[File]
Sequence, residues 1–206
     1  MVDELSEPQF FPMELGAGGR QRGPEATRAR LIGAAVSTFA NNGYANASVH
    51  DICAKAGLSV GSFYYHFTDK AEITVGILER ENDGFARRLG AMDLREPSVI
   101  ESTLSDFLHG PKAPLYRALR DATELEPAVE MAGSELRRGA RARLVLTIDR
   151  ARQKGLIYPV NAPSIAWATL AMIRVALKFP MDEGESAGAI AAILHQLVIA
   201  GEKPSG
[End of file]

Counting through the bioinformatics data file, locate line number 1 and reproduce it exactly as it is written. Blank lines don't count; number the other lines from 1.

Sequence, residues 1–206